News: Stay up to date

The Étoilé community is an active group of developers, designers, testers and users. New work is being done every day. Visit often to find out what we've been up to.


Coming Soon to a Compiler Near You

Posted on 14 May 2011 by David Chisnall

I've talked a bit about some of the optimisations and potential optimisations for Smalltalk and Objective-C that are possible with LLVM. The GNUstep runtime has a directory of optimisations, but previously they've been somewhat cumbersome to run. You had to add -emit-llvm to your clang command line, then run opt on all of the emitted bitcode files, then use llc to convert them to native binaries. Persuading GNUstep Make to do this was basically impossible.

The problem is that clang, like most other LLVM front ends, requests a set of default optimisations to run, when generating code. This set is hard-coded in an LLVM header. If you want to make clang run the optimisations, you need to modify this header before compiling clang - not ideal.

Last week, I spent some time hacking on LLVM, and rewriting that code allow plugins (plugs-in?) to modify the default set of passes. This is still pending review before being added to LLVM, but the code using it is in the GNUstep runtime tree already, so once the patch is committed you can use it immediately.

Currently, you still need to specify the path to the plugin, which is not ideal: it should be loaded automatically. Worse, because it's an LLVM plugin, you actually need to pass it to clang's cc1 equivalent. This means that you need to add something like this to your CFLAGS: -Xclang -load -Xclang {llvm/install/path}/

Once you've done this, the plugin is loaded, and the various passes will be added depending on the optimisation level. At -O2, they'll all be run (except the profile-drive ones). This means:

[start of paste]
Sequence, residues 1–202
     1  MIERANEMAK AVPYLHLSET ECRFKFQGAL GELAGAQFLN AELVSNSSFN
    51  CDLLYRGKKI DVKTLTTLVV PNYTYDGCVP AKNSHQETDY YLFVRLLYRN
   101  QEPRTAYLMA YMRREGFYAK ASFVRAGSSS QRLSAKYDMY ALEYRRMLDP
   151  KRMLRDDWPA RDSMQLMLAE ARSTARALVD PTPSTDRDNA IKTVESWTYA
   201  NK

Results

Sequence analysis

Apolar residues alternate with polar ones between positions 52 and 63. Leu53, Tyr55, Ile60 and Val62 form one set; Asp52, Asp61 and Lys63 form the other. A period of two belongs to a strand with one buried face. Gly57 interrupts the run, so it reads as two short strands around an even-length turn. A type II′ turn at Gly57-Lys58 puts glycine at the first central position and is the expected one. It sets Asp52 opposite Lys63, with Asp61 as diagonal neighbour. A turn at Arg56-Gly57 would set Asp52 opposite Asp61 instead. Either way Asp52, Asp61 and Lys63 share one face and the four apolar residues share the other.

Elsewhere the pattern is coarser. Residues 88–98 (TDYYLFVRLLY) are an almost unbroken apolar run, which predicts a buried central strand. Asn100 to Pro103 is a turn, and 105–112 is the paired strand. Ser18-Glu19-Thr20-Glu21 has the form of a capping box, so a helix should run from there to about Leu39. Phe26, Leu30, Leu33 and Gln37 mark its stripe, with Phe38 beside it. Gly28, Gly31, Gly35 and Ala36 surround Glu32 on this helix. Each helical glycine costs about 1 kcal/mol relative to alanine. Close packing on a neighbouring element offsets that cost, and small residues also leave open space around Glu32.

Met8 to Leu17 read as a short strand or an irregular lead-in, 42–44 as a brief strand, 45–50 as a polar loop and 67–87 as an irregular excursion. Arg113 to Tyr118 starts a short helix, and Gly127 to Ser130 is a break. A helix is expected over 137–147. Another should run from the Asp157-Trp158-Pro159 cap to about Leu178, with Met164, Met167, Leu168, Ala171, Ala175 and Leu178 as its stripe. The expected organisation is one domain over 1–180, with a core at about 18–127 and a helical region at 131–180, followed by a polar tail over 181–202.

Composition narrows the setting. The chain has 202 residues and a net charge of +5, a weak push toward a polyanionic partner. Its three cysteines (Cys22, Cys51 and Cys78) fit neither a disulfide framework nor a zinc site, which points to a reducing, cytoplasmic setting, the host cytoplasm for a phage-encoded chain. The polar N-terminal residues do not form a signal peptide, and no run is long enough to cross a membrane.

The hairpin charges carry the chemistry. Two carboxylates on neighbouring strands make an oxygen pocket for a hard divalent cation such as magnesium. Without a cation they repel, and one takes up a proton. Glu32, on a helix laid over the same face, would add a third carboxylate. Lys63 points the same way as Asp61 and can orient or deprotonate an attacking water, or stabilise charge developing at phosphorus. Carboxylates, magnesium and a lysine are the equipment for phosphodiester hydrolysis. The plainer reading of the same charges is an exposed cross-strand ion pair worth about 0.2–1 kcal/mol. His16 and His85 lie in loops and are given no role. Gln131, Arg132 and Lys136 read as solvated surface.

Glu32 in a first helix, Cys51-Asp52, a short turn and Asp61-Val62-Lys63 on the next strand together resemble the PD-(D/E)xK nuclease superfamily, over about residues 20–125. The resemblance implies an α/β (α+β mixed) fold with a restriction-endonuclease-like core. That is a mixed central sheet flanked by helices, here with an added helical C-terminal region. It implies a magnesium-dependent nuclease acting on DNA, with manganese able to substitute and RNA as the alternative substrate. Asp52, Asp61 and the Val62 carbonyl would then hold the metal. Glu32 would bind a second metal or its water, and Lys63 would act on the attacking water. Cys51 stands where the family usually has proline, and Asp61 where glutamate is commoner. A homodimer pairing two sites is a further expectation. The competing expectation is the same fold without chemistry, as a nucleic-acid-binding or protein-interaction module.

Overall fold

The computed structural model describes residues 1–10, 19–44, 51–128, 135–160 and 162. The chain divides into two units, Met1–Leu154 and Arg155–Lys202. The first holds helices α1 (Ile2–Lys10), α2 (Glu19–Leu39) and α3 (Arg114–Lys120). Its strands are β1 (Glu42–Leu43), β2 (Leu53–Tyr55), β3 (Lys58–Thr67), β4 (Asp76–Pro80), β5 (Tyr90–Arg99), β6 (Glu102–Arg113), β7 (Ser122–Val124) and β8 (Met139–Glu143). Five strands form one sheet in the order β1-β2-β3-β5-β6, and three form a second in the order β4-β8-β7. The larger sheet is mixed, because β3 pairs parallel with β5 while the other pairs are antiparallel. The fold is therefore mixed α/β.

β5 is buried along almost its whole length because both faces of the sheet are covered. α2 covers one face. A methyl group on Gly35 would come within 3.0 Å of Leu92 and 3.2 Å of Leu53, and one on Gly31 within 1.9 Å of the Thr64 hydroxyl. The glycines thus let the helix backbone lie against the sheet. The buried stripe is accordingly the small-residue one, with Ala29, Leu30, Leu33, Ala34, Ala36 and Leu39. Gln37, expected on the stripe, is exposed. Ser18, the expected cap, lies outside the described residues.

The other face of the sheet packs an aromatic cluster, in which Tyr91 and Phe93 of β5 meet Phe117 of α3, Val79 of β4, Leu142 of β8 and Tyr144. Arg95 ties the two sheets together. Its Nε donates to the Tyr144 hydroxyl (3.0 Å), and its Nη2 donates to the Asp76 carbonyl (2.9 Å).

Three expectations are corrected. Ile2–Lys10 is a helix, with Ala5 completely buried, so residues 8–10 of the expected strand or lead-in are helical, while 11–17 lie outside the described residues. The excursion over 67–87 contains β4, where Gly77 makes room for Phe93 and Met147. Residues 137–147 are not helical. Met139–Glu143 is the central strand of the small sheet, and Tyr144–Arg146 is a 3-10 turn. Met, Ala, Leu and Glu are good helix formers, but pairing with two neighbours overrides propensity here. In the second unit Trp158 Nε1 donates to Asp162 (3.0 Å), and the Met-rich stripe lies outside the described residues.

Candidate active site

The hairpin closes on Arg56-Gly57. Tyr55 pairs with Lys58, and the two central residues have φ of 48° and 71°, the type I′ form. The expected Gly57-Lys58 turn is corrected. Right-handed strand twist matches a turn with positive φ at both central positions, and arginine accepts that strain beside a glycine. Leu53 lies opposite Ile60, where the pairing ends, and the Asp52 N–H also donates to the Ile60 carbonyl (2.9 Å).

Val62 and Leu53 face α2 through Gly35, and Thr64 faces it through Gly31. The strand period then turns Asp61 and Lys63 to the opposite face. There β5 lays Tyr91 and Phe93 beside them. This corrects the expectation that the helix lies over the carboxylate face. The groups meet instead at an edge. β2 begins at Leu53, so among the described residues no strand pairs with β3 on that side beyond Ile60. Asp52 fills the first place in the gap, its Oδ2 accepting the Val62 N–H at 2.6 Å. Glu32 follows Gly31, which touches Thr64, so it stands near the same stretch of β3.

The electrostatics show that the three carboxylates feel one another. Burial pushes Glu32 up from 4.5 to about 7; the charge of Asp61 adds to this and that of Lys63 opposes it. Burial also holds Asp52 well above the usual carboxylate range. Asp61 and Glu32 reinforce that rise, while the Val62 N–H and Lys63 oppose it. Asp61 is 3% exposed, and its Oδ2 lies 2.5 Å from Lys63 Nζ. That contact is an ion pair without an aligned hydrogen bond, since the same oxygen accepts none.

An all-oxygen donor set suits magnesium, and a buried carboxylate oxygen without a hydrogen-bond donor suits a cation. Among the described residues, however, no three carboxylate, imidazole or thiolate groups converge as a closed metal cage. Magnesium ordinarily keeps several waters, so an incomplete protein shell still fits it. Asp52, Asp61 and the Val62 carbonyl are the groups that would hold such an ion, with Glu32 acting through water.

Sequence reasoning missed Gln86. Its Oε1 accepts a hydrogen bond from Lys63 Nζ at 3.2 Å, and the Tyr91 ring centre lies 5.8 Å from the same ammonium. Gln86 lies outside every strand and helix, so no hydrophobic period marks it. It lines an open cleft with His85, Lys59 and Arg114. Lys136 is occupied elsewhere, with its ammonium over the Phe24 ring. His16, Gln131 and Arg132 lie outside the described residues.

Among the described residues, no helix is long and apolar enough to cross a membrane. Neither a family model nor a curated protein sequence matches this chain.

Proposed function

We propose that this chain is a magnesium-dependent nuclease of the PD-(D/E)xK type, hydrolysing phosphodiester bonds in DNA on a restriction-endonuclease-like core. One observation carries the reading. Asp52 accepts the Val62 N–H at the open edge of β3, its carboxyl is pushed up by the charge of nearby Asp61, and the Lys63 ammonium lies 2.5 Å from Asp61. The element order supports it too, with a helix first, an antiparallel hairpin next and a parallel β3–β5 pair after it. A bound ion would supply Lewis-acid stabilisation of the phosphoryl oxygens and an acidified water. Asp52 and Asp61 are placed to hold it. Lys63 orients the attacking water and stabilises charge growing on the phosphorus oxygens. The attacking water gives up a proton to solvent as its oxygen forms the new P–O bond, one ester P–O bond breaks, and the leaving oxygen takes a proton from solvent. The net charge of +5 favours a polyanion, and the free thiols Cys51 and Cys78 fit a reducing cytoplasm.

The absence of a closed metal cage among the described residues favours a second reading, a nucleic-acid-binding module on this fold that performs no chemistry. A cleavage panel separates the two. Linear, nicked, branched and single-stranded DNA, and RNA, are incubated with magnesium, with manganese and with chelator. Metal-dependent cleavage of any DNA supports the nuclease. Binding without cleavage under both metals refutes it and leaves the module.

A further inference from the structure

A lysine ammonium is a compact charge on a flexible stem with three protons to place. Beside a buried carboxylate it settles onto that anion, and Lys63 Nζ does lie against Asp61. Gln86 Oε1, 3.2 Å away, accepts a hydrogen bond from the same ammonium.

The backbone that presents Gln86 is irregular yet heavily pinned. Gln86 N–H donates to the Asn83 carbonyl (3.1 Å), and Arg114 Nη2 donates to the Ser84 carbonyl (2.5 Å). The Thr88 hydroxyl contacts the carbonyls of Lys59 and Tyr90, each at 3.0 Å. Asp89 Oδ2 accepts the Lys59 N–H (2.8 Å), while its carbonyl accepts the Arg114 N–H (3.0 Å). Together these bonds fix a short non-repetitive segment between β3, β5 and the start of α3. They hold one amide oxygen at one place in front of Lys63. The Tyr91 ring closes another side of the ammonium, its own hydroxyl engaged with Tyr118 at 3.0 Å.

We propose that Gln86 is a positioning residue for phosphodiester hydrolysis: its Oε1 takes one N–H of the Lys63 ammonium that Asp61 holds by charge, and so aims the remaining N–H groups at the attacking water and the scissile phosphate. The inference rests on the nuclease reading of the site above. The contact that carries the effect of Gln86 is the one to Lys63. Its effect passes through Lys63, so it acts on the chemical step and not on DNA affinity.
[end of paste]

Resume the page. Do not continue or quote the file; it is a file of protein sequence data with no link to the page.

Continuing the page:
• Instance variable reference will be made fragile, if doing so will not break the public ABI.
  • Class lookups will be cached
  • Class message lookups will be cached
  • Class methods will be inlined, if possible
  • Message sends in loops will be cached

This kind of list is meaningless without benchmarks, so here's a simple one. This contains a couple of loops, one sending class messages and one sending instance messages. It uses clocK() to record the amount of CPU time take for the entire microbenchmark. Here you can see the results from compiling the program with GCC, with Clang, and with Clang and the plugin:

$ gcc -O3 -std=c99 loop.m -L /Local/Library/Libraries/ -lobjc && ./a.out 
16.648438 seconds.  
$ clang -O3 -fobjc-nonfragile-abi loop.m -L /Local/Library/Libraries/ -lobjc && ./a.out 
15.312500 seconds.  
$ clang -O3 -fobjc-nonfragile-abi -Xclang -load -Xclang `llvm-config --libdir`/ loop.m -L /Local/Library/Libraries/ -lobjc && ./a.out 
3.539062 seconds.  

Don't read too much into the difference between the first two. I just pasted in the results of running each command. Because this was done in a VM, the timing is not 100% accurate, and the jitter between results was about as big as the difference between the clang and the gcc results here.

The big difference, of course, is the final result - less than a quarter of the time taken for the gcc-compiled version to run. This sent 5 times as many class messages as instance messages, and with the first two results the amount of time spent sending each was the same. This was due to the large overhead of calling objc_lookup_class() for every class message. You can see evidence of this in the GNUstep code, which is littered with static variables that cache classes to avoid the lookup overhead.

One of the optimisations cached this lookup automatically, so that overhead was negligible. This drops the cost of class messages to approximately the same cost as instance messaging. Class messages are automatically cached, even if they're not in loops, because the mapping from class message to method rarely changes. We also cached instance method lookups in loops, so the overhead of the message sends was quite low as well. Comparing just the class messages, we have about 7.5 seconds for GCC and about 0.5 seconds with these extra optimisations.

Hopefully, by the time LLVM 3.0 is released, if you use clang and have the GNUstep runtime installed, then this should all happen automatically, and you'll get nice fast code without having to do anything.